We've dedicated this page to the investors who support Australian innovation and to the analysts who've seen it all – the successes and the failures. If you'd like to add your voice to this discussion please send your contribution to firstname.lastname@example.org
"In all my years in venture capital the least satisfactory part of the business plan has been the understanding of the market.
To be successful in business you need to understand the market. This does not mean the ultimate market size. It means the knowledge of who the initial customer is and what will influence him or her to buy your product. We are talking about who will buy your product at what price and how many. Ideally you will have met the customers face to face and received a down payment.
Many start up biotech businesses just focus on developing their science or product and assume the market will take care of itself. These companies usually just end up as a bottomless sink for money."
Dr Mike Hirshorn - Founder Four Hats Capital
"Build it and they will come' was the visionary message of 'Field of Dreams', the 1989 movie about a farmer who built a baseball field in a cornfield, to which came a Chicago baseball team. Great movie, bad business idea, especially for the world of medical product development. The imperative in drug, device and diagnostic development is to make things that people pay to use. Every product -- there are no exceptions -- has to pass the 'Will somebody use the product, identify the value it provides and hence, pay for it.' Investing in data about a product's chances of getting used and being useful to patients, physicians, nurses, carers, relatives is as necessary a task as meeting the requirements of medical product regulators. Investors in biotech companies now expect to see evidence of market and product validation studies in business plans and throughout a product's development life. Otherwise, the lack of such data sits as an unmitigated risk, a potentially expensive investment disaster just waiting to happen."
David Blake - Editor of Bioshares
Bioshares is an independent Australian stock report which
covers ASX-listed biotech, pharma and healthcare companies
"Having covered the Australian biotech sector over the last 13 years as an analyst at Bioshares and now as an investment manager, one of the biggest mistakes that has been made and continues to be made is poor understanding of existing or prospective markets for biotech products in development. Whilst technology and regulatory risk is always present and can't be removed, market risk is one that can be mitigated. In the 500th edition of Bioshares, we looked at some of the largest losses that have been made in this sector. Featured commonly in that list was poor market research, leading to hundreds of millions of dollars lost by investors.
There's good rational not to conduct proper market research for some; it may give product developers an answer they don't want to hear which will end their project. It's also just as important to get independent market research.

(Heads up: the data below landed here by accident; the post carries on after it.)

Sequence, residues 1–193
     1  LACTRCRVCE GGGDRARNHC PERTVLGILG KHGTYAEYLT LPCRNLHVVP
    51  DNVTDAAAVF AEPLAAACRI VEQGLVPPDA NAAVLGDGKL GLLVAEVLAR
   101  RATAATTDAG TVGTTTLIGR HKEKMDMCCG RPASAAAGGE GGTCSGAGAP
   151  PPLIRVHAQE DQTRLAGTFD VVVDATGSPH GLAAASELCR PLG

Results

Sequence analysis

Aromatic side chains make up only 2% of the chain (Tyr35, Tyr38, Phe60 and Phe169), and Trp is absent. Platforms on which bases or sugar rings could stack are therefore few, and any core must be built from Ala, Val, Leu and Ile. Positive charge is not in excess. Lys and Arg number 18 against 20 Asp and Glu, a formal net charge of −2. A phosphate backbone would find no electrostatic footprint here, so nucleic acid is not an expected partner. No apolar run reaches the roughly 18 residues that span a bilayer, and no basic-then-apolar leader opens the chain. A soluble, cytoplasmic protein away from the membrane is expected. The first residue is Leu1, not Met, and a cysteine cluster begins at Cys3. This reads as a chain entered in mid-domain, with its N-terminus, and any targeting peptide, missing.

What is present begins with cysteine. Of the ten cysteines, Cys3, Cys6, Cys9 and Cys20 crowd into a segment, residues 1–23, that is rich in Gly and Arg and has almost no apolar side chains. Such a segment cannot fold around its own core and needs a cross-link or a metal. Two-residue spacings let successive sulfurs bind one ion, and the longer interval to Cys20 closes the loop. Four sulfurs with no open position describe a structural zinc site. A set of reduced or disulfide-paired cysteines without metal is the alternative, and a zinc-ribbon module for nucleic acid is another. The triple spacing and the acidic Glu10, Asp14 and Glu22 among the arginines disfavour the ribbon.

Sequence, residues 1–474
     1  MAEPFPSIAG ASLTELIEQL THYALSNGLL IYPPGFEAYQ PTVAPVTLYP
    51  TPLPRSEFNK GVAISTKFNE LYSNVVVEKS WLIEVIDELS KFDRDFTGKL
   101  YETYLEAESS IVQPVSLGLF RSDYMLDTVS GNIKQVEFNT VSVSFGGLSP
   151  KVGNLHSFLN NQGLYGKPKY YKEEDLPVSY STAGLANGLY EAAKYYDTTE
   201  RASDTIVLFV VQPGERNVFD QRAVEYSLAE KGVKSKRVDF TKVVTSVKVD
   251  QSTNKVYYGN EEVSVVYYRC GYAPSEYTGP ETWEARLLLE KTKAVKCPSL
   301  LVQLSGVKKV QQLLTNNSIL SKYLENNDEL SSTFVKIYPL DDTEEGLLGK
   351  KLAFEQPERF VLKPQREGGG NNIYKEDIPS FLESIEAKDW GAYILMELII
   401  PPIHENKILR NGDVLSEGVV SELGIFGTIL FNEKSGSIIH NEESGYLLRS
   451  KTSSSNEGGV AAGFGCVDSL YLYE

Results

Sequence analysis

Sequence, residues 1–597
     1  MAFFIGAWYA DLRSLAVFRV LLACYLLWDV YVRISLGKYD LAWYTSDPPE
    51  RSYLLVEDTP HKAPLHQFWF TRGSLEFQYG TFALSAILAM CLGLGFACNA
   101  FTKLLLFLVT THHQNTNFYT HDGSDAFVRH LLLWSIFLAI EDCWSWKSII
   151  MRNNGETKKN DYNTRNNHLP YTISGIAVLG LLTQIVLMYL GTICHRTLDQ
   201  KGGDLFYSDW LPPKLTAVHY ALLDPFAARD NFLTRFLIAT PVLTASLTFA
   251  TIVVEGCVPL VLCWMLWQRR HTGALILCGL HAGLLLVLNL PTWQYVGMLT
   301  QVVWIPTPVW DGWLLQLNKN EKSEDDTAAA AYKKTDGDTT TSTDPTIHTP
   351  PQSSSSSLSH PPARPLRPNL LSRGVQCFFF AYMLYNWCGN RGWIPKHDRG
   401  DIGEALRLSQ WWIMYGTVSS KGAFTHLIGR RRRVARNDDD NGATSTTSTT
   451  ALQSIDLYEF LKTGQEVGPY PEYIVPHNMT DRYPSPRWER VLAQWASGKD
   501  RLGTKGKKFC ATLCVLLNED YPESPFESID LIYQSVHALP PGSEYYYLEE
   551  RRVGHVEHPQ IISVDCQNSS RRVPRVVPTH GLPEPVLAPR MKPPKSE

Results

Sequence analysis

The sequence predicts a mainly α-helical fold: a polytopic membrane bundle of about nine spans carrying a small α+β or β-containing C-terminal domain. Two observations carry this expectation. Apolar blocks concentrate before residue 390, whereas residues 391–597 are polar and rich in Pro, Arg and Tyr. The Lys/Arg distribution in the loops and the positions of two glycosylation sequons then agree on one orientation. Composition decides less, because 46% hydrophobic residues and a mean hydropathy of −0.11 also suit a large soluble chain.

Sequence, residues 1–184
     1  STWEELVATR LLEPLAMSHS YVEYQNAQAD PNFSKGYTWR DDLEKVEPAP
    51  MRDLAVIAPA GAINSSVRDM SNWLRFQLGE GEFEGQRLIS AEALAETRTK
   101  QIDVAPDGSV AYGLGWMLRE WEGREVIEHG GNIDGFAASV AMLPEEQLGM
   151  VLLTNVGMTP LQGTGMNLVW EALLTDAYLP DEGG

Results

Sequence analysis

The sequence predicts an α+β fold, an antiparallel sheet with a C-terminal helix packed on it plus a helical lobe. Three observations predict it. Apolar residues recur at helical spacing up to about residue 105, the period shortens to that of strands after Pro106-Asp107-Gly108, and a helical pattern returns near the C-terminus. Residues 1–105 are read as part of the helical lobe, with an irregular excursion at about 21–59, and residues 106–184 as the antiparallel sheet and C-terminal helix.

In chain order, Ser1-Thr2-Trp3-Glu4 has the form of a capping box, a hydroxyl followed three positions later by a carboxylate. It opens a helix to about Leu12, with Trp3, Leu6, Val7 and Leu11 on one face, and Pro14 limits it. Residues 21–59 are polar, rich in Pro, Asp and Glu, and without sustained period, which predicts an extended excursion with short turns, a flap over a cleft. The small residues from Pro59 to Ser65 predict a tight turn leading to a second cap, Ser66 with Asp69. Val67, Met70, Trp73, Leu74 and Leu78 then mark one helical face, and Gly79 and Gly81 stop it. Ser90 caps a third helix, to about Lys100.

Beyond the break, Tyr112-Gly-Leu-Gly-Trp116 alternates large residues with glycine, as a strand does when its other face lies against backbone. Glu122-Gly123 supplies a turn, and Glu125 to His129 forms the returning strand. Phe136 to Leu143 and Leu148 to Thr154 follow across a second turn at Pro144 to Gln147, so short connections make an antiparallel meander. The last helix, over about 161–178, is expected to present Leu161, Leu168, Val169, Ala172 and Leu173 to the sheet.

And good market research is great for investors as it reduces the risk on their investments. I'd like to see all listed biotech companies undertake independent market research and make those reports available to investors."
One Australian company that has built a core strength in strategic market assessment in the biotech sector is Cogentum, which continues to champion the commercial merits of better understanding the market for its customers' innovations. This approach will arguably lead to greater ROI for investors and a better track record of success for our biotech industry."
Mark Pachacz - Research Principal
Mark Pachacz is a Research Principal at Bioshares and the CIO of
Canterbury Funds Management, the trustee for the Biotech Select Fund
"The surest way for a company to provide a return to its investors is to produce a product that succeeds in the market place with the development conducted with the most efficient quality/cost/time combination. This requires not only a thorough knowledge of the strengths, limitations and weaknesses of the technology involved, but also a detailed understanding of the requirements of the market and the features of competing technologies. The earlier it is possible to define the preferred specifications of the product the more efficient the process will be.
Elaboration of these specifications requires an understanding of who the real customer is and what are their needs, expectations and key drivers. Investing without a thorough business case analysis is akin to buying a ticket in a lottery."
Dr Barrie Finnan - Founder, Board Member & Investor, Acrux Ltd
"There are many factors that an investor takes into consideration within the broad categories of "technical feasibility" and "commercial attractiveness" and it is hard to imagine anything besides IP that is more important than time to, and accessibility of, a defined and well-understood market"
Dr Graham Mitchell - Principal Foursight Group
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